Life on the Summit: Hey, Spike! speaks with spokespeople Bobs
Those “Two Biking Bobs,” having completed their altitude training rides on The Summit, are heading back home to Michigan, where they’ll continue mileage routines in preparation for RAGBRAI.
Many Summit cyclists know the event even if they’ve never ridden it.
RAGBRAI stands for the Des Moines Register’s Annual Great Bicycle Ride Across Iowa, a non-competitive bicycle ride going west-to-east across the Midwest state.
This year marks the 42nd annual ride, which was started by Register newspaper columnists John Karras and Don Kaul — both still kicking. John lived over in Summit Cove for many years after retirement, but he and wife Ann returned to the lowlands a while back.
As for our intrepid bikers, Bob “Lucky Bob” Sailor and Robert Allen “Lance” Blyth, riding the weeklong challenge, which covers just shy of 500 miles, will mark their 15th and 32nd times, respectively. Entrants are limited at 8,500, about four times the number of participants in the Denver Post’s Ride the Rockies.
RAGBRAI XLII, slated for July 20-26, begins at Rock Valley and overnights at Okoboji, Emmetsburg, Forest City, Mason City, Waverly and Independence, before ending at Guttenberg.
Both Bobs are retired from the power generation business at the Cook Nuclear Plant on Lake Michigan’s eastern shoreline.
Sixty-three-year-old “Lucky Bob,” a fairly new nickname following a death-defying major stroke five years back, was in the training side after serving aboard nuke-powered submarines. “Lance Bob,” at age 67, was in nuclear operations.
Bob No. 1 lives in Berrien Center, about 10 miles east of Bob No. 2, who calls Bridgman home. The communities are in southwest Michigan.
Joining them at their “training center” at Bear’s Den in Frisco was Bob Sailor’s wife, Jenny. This time they rented Leadville Family Practice physician Dr. Lisa Zwerdlinger’s place.
“I’ve been cycling semi-seriously since my first RAGBRAI in 1989,” says Lucky Bob. “I ride a titanium (Lynskey frame), semi-touring bike that I built up myself with Shimano components.”
“I usually ride between 3,000-4,000 miles per year,” he notes. “I rode about 350 miles during our visit this time.”
Lucky Bob gets out to Colorado several times a year because of family ties.
“My daughter, Rebecca Sailor, lives in Evans, and is an English professor at Aims Community College,” he notes. “My only two grandchildren, Jack, 7, and Adele, 5, are first- and second-graders.”
Of riding around and over The Summit’s ups and downs, Lucky Bob says, “Colorado is where you can pack up your tent in the morning in Leadville with frost on it and ride to Kremmling and put it back up in 90 degree heat.”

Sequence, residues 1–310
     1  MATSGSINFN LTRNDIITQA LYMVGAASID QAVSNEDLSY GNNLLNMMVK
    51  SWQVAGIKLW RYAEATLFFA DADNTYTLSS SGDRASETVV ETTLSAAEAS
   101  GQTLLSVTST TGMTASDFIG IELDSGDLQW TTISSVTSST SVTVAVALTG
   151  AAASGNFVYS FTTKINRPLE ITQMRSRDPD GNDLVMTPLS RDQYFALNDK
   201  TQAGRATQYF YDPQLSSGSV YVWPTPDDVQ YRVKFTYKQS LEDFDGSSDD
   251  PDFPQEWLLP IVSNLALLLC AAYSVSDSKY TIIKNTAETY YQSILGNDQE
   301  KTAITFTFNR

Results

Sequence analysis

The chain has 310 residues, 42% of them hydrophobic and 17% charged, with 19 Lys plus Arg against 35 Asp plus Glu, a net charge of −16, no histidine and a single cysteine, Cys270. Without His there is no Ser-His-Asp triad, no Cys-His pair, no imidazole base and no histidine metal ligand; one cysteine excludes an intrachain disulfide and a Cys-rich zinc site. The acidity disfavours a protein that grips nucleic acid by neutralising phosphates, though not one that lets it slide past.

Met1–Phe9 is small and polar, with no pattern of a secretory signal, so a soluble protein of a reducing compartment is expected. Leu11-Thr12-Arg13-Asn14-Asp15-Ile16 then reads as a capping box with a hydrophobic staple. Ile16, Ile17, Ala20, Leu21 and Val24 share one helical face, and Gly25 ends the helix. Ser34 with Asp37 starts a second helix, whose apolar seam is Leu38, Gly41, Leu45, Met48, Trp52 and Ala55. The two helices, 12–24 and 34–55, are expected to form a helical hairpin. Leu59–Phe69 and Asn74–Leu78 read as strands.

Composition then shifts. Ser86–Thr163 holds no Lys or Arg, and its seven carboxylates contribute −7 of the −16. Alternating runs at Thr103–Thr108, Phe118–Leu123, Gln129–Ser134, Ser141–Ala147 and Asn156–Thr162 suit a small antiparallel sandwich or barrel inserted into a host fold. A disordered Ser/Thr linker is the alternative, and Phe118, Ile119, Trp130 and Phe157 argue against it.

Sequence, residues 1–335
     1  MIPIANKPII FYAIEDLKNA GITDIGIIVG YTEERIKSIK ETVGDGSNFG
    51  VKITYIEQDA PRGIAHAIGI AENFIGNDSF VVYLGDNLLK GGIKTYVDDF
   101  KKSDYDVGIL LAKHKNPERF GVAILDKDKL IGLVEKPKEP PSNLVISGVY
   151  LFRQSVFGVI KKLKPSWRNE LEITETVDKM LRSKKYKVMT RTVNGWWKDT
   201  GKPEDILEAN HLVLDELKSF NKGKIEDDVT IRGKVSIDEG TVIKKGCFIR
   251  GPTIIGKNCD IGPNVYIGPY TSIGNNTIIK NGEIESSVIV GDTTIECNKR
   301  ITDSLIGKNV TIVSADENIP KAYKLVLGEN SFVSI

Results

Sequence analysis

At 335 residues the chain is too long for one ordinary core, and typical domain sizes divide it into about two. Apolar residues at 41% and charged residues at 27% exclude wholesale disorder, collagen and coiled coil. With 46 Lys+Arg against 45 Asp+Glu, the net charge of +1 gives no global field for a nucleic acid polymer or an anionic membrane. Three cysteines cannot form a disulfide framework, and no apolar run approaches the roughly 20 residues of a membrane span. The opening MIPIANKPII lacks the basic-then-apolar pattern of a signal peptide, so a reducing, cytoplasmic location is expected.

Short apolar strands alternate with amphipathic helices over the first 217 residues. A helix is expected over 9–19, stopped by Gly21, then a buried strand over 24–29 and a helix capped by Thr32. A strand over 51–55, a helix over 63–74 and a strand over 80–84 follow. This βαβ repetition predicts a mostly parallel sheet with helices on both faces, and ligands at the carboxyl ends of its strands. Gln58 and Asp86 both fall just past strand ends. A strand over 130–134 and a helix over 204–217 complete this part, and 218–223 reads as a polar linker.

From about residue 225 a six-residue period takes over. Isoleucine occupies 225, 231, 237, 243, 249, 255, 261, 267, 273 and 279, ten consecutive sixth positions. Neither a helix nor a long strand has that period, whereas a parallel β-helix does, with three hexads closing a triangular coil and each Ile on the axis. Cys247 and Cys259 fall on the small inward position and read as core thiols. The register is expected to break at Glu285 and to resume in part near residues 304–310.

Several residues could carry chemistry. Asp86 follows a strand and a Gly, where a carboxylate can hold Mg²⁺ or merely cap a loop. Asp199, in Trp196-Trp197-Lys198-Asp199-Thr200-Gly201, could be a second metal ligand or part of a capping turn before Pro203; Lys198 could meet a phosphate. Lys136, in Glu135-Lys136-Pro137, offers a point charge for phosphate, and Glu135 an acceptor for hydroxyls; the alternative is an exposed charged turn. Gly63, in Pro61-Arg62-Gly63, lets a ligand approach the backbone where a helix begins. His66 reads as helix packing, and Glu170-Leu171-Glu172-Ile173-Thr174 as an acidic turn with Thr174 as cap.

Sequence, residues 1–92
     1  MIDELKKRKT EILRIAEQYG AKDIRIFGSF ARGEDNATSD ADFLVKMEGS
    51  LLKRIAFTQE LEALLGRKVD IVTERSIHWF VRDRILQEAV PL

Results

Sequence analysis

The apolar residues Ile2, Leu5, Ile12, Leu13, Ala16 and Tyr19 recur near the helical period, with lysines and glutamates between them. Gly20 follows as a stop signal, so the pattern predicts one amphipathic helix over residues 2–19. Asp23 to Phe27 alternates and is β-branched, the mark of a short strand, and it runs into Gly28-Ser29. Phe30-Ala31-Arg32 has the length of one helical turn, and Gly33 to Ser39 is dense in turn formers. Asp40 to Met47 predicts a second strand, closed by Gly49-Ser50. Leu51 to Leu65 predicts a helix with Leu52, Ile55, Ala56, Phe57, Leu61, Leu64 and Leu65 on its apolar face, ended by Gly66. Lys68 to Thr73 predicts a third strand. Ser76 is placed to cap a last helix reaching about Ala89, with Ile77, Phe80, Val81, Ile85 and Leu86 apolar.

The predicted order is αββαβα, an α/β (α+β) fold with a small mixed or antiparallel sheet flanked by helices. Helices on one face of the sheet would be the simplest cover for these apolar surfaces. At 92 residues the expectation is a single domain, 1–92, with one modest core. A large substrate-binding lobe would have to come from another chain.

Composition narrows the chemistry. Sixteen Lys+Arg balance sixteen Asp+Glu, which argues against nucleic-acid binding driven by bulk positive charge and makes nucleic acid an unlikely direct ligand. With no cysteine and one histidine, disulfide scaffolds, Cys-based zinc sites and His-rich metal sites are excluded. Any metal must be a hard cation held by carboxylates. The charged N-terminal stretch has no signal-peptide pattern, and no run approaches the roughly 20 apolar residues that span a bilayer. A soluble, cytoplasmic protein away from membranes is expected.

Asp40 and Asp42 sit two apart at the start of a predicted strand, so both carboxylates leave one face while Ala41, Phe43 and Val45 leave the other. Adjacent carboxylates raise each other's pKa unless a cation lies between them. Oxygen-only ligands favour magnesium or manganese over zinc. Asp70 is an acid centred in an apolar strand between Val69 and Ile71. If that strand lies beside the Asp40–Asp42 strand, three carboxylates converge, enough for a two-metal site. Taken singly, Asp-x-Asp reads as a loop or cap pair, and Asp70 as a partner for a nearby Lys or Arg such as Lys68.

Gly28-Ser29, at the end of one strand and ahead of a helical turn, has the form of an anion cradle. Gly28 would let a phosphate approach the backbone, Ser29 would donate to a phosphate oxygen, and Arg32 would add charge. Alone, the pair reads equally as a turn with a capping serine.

The altitude training, both Bobs admit, gives then an edge in the RAGBRAI’s, but that “only lasts about three days.”
This RAGBRAI will be Lucky Bob’s first since that heart attack.
Lance Bob has been a cyclist for “at least 35 years, and averages about 4,000 miles annually.”
He has a quiver of two-wheel steeds: “I have a new Trek Domane 6.2 with electric shifting. I also have an older Trek, and an even older Cannondale touring bike. I also have a bike Friday.”
“I got 4,000 miles in last year and expect the same this year,” the smaller of the Two Biking Bobs says. “I rode 402 miles this trip, including both sides of Vail Pass and Loveland Pass.”
Not making the Colorado training this summer was Frank Pisarsky.
“At 72, Frank isn’t along with us this year, but still continues be the best climber and flats rider in our group,” Lucky Bob relates. “He’d have been here this visit, but he was working on his winter home in Florida.”
As bikers tend to do when riding frequently in groups, they come up with self-degrading names — and nicknames.
Our Two Bobs belong to “The Whiners,” a regular RAGBRAI club for about 35 years.
“It originally consisted of cyclists from southwestern Michigan, but now includes riders from all over the U.S., and even Australia in most years,” Lucky Bob says. “The original name was ‘Pissers and Moaners,’ later cleaned up to the ‘P&M-ers,’ then cleansed completely to ‘The Whiners’ in 1986. We borrowed the ‘Fork More Pork’ slogan from the Iowa Pork Producers found on a restaurant place mat.”
The group has been awarded the Des Moines Register’s “Rider Trophy” a couple times recently for being a generally safe and courteous club on RAGBRAI. Last year, the Iowa State Museum in Des Moines created an exhibit and requested a “Whiner” jersey (along with a couple other team jerseys) to hang there, the Two Biking Bobs point out.
Miles F. Porter IV, nicknamed “Spike,” a Coloradan since 1949, is an Army veteran, former Climax miner, graduate of Adams State College, and a local since 1982. An award-winning investigative reporter, he and wife Mary E. Staby owned newspapers here for 20 years. Email your social info to firstname.lastname@example.org.
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